(Note: I intended to post the next Oscar Debate this week (it's about BlackKklansman!), but I've been a bit under the weather and haven't been able to get that post together. Instead, I pulled up something that's been sitting on my hard drive since early last year and polished it off. Enjoy!)
Living in Ireland, I watch a lot of British TV shows. Because what am I going to do, watch stuff made here? PFFFT.
I also, like a large proportion of the world's population, regularly unhinge my media-jaw and consume vast quantities of American entertainment. The differences between the two are deeply-baked and striking; for example, serious “prestige” TV series (as opposed to soap operas, sitcoms and things like Doctor Who) in Britain tend to be extremely short, running four to six episodes per season and frequently having no more than two or three seasons at most. Often they don't even get that, being conceived from the beginning as a discrete story with no intention of continuation once the initial batch of episodes is over.
This makes Line of Duty something of an anomaly. A relatively big-budget police drama produced by the BBC, it feels very much like something that was intended to be short-lived, with the first season telling a stand-alone story and the next two forming a distinct arc with a definitive climax and end-point. But the show was unexpectedly, wildly popular and was renewed multiple times; a fifth season is currently airing, with a sixth expected some time in 2021.
Unfortunately, it might have been better if the show had stuck to the British formula and ended early. Today we're going to look at each of the first four seasons seperately and pin-point where it all went wrong.
The show's opening season introduces us to protagonist Steve Arnott, the fresh-faced head of an anti-terrorism unit in the police department of an unnamed city in England. During the opening of the first episode, Steve’s unit botches a raid on an apartment complex populated by Muslim immigrants and accidentally kills an innocent man in front of his wife and infant child. The unit's superior officer corrals them into making up a story to exonerate the shooter, which Steve refuses to go along with. His career is swiftly torpedoed in retaliation.
Steve’s principled stand catches the attention of Superintendent Ted Hastings, head of AC-12, the department's internal affairs unit. Hastings needs detectives who are willing to investigate their fellow officers and withstand the hostility that comes with the job, and Steve appears to fit the bill. After reluctantly accepting the role, Steve is assigned to investigate Tony Gates, a highly-respected senior detective with a track record that seems too good to be true. Hastings suspects that Gates is fabricating his arrests and massaging evidence to make sure he gets prosecutions, but the audience is clued in early to the fact that Gates is in much dodgier territory; in fact, his personal indiscretions with a married woman have gotten him roped into a conspiracy by a criminal gang to undermine the police as a whole. Steve, working with a detective embedded in Gates’s unit as an undercover asset, enters into a dangerous cat and mouse game with Gates, who is pushed into more and more extreme actions as AC-12 closes in and the criminal conspiracy threatens his family.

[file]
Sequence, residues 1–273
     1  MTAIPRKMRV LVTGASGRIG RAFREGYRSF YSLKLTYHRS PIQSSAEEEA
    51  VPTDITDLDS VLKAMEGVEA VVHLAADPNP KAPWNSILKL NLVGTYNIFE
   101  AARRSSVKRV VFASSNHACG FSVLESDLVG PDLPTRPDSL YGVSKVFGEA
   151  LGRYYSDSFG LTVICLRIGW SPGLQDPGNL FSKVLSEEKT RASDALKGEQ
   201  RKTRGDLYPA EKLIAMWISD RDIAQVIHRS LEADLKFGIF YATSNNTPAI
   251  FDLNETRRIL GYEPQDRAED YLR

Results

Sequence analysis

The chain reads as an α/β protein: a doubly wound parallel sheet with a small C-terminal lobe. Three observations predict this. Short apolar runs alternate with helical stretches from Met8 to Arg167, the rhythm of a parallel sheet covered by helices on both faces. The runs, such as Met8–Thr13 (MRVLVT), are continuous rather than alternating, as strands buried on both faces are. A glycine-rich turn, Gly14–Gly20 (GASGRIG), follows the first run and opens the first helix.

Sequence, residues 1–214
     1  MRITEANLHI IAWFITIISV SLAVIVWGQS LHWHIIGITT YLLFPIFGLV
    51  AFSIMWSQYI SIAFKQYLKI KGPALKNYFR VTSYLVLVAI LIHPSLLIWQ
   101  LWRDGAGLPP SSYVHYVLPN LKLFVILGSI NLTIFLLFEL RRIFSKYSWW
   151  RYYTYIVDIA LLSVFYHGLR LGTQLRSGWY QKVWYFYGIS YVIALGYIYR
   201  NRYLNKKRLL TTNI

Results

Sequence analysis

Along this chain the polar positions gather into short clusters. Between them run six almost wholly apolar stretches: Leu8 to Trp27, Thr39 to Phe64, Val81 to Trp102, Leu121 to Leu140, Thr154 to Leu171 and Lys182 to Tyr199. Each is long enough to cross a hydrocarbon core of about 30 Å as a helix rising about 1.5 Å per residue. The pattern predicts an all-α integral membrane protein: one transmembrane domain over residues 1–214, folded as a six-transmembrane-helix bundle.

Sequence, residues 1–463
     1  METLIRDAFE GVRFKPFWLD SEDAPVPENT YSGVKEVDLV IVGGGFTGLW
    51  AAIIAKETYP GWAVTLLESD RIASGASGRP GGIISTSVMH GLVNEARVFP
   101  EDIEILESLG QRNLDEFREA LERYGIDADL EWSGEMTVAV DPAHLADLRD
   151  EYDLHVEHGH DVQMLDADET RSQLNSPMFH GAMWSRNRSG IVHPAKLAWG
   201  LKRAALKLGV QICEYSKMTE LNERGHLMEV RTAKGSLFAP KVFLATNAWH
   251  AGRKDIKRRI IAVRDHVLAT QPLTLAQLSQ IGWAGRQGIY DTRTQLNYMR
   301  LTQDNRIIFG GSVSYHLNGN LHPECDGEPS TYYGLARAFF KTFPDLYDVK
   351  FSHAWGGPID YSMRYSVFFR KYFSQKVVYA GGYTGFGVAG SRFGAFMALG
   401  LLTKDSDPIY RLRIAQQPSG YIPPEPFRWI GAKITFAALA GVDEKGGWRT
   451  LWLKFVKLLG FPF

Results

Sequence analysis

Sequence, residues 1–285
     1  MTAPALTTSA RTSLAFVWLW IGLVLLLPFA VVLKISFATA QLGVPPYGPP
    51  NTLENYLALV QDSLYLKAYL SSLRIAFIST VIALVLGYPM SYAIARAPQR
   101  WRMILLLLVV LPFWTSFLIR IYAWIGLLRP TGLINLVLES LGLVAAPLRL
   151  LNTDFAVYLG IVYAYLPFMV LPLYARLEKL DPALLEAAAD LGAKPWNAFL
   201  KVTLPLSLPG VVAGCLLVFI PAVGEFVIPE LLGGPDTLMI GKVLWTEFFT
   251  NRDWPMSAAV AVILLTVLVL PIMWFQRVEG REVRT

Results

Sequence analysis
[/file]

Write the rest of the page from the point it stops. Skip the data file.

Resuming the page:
This first season establishes what will become Line of Duty's recurring MO: a two-pronged narrative that follows both the detectives of AC-12 and the target of their investigation, who is treated with a heavy dose of moral ambiguity, if not outright sympathy. Here, we're straight-up shown what the deal with Gates is and therefore know much more than Steve and the other detectives; later seasons go back and forth on how much of the “villain” is revealed to the audience, but the decision to fully pull back the curtain here works since it creates a situation where you simultaneously want the detectives to be successful at their investigation while not wanting to see Gates come to ruin at their hands; the fact that the ending does actually thread this needle successfully is impressive.
Less impressive is what would end up becoming a recurring problem in later seasons, which is that the villain ends up being a lot more interesting than the protagonists. Gates is a thrilling character to follow, a classic “good man whose relatively minor failings get him in way over his head” archetype who ends up being put into all sorts of nail-bitingly tense moral conundrums as the season progresses. The basic tension of his arc is how far he's willing to go to preserve his marriage and protect his family, and that gives the writers a lot of leeway in terms of preserving the audience's sympathy towards him even as he's directly menacing the main characters.
Said main characters are...less compelling.
The biggest liability is Steve himself, who comes across as exactly the sort of dour, fun-hating killjoy that members of AC-12 are characterized as by their fellow officers. Apart from being grouchy and filled with angst over what happened with the anti-terrorism unit, his only other personality trait is a fixation on catching Gates that quickly turns into a personal vendetta. This leads him to do a lot of very stupid shit, to the point where you start to wonder why Hastings would keep him around, as he's clearly emotionally unstable and a huge liability.